Bless their hearts.

Random thoughts

1. My grandma’s funeral is approaching swiftly and I still can’t write what I’m supposed to read in front of my family after the service.

2. If I go for too long without watching some episodes of The Office, I get a feeling like homesickness. For some reason, that show comforts me like a security blanket.

3. Speaking of TV shows, the first season of Family Ties is now on Netflix Instant. It is amazing.

4. I’ve been working on building a website for someone, and they were already signed up for webhosting through Yahoo! Small Business Webhosting before the project began. This deserves a post of its own, but let me go ahead and warn you to never, ever sign up for Yahoo! webhosting if you value your time, your sanity or your ability to not stab yourself in the leg 12 times an hour. Yahoo makes it sound like they’re a great hosting solution, but they actually are the exact opposite. So. You’ve been warned. Learn from my horrors.

5. I’m getting really excited for Bonnaroo. Especially since my sister Emily will be coming down for it, too. And since she’s not old enough to drink, I’ve bribed her into being my designated driver so we can go home each night and not have to camp among the cicada infestation.

Morbidity

Death and religion have been on my mind a lot lately, which I suppose is what happens when you experience a death in the family. Last night, back at home after eating dinner out, I got into a discussion about death and religion with Ian and his dad as I made my way through a bottle of wine.

And I couldn’t help but feel like maybe I was letting his dad down as I let him in on an ill-kept secret about myself, admitting out loud that his son married someone with such dire prospects for her soul. But it’s the truth: As much as I’d like to believe that one day I can go float around on a cloud or be reincarnated as a housecat, the most I can hope for is to become worm food.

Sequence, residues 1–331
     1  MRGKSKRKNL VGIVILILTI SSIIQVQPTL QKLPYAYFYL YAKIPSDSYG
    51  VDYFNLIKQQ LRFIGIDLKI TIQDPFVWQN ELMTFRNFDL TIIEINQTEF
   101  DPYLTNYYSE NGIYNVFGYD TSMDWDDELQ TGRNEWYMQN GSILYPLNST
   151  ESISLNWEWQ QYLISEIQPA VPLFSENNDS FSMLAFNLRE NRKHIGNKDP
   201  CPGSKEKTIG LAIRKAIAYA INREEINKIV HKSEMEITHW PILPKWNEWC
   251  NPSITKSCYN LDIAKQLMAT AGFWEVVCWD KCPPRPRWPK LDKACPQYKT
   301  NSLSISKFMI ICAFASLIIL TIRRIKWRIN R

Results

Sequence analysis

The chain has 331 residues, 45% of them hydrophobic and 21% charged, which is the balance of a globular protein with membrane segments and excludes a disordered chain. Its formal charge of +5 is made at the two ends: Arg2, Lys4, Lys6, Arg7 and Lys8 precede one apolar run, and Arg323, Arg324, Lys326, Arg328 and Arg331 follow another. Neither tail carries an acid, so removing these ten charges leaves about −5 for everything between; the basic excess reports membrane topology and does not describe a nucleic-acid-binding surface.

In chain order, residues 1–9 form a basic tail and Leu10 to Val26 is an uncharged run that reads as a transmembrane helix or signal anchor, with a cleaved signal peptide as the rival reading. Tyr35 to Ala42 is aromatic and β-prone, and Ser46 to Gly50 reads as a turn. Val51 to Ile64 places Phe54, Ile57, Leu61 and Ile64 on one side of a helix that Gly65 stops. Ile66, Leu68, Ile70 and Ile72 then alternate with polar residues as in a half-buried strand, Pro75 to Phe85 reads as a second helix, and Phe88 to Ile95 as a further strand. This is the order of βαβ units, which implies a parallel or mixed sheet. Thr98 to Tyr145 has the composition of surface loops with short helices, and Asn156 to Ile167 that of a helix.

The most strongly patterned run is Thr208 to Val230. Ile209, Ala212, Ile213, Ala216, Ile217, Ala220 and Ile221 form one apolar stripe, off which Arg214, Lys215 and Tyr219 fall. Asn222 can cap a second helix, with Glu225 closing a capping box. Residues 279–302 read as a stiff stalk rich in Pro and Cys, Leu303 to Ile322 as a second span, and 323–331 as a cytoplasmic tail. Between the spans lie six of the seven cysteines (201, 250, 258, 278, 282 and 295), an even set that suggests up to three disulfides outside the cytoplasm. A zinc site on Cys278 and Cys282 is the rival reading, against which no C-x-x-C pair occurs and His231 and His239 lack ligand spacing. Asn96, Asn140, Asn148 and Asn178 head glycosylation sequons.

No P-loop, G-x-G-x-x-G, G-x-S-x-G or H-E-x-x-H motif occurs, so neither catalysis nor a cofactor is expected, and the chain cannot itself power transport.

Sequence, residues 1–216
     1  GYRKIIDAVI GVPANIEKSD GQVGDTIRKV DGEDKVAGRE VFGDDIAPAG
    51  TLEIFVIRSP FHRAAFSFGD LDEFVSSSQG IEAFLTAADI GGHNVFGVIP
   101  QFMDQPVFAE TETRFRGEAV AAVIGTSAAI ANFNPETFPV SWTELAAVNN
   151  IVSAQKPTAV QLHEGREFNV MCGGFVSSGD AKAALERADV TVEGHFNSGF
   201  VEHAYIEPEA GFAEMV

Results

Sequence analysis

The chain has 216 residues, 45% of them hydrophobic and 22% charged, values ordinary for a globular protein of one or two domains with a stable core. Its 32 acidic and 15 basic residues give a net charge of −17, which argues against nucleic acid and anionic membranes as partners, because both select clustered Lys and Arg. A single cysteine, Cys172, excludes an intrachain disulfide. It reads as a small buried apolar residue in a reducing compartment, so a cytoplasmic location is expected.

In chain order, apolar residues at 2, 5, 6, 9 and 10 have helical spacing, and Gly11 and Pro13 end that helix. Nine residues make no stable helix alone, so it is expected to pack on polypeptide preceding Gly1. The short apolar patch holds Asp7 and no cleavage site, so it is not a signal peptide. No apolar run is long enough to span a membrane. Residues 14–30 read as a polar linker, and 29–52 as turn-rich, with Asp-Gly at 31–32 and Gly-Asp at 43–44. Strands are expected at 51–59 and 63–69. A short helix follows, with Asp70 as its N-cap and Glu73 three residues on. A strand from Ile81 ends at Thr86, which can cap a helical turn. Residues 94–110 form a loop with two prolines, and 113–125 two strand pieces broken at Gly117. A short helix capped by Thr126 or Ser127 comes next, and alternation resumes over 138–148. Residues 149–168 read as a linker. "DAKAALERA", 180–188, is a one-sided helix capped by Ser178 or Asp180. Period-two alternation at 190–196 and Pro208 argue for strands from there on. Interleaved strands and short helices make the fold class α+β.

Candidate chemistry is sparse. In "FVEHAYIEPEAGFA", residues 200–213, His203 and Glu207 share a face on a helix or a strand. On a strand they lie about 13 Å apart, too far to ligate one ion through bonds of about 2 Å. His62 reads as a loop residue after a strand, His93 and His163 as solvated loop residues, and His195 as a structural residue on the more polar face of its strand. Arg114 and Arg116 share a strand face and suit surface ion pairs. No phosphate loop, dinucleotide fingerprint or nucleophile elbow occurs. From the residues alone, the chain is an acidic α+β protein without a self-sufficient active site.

The truth is that no matter how much I try, I can’t make myself believe that anything awaits me beyond death except for disintegration and silence. And although it scares the shit out of me, I haven’t seen anything in my almost 32 years that tell me otherwise. Believing in The Great Beyond, whether or not it’s mutually exclusive of religion, is not something I have been able to do. No matter how hard I try.

And I’m not saying that those who do believe in God™ are burying their heads in the sand. But boy, there sure are times late at night when the world is still and lonely that I wish I could.

The new

I’ve been bad at updating lately, which I realize bothers nobody but me. But I’ve been strangely busy—I’ve been in a “I don’t have time to blog about stuff because I’m out doing it” mood the last few weeks, I suppose.

I guess the biggest news is that I started a new job. After five and a half years at Hammock Inc., first as a writer and then as the digital media manager, I have started at Raven Internet Marketing Tools as a user support specialist.

As excited I am to be part of such an innovative, geeky team at Raven, I have to point out that it wasn’t an easy decision to leave Hammock. I enjoyed what I did there, and I made some great friends (I’m looking at you, wolfpack!). And Rex, the founder/CEO, was so great to work for and with. He’s a brilliant, mad-scientist kind of guy who just gets it, and I really appreciate all that I learned from him.

But over my last couple of years there, I realized that development is where I am headed. I’ll always consider myself a writer at heart, but work-wise I keep gravitating more and more to coding. And if I want to get serious about learning and really pursuing that path, what’s better than working right in the middle of a bunch of developers every day? And Raven is a great, growing company with amazing people working there, and I’m really excited to have been invited to be a part of their team. Last week was my first week there and I’m already having a blast.

And, quite honestly, when they were described to me as the “island of misfit toys” I knew it was someplace I belonged.